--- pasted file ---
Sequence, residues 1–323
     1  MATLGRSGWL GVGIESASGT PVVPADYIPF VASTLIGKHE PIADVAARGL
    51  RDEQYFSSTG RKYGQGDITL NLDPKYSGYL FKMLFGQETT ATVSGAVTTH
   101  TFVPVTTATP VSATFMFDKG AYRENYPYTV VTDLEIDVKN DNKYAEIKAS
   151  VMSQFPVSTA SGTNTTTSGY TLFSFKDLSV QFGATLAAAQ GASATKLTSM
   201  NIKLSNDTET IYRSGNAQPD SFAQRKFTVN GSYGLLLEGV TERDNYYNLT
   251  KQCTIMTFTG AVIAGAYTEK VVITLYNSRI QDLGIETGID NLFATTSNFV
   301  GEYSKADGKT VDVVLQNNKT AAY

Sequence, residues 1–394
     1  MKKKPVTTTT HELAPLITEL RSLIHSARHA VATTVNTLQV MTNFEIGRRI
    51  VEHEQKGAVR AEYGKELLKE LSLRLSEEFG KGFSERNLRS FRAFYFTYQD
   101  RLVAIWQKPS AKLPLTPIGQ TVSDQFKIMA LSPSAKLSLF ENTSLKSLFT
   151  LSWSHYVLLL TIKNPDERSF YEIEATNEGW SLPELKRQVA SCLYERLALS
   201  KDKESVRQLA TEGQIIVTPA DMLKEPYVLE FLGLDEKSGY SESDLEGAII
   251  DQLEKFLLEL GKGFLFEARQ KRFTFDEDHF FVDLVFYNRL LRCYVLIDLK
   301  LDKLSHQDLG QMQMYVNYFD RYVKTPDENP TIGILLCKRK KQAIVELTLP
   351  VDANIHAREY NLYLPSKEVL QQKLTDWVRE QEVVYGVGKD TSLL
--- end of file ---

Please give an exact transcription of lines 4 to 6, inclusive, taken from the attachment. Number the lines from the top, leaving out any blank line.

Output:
   101  TFVPVTTATP VSATFMFDKG AYRENYPYTV VTDLEIDVKN DNKYAEIKAS
   151  VMSQFPVSTA SGTNTTTSGY TLFSFKDLSV QFGATLAAAQ GASATKLTSM
   201  NIKLSNDTET IYRSGNAQPD SFAQRKFTVN GSYGLLLEGV TERDNYYNLT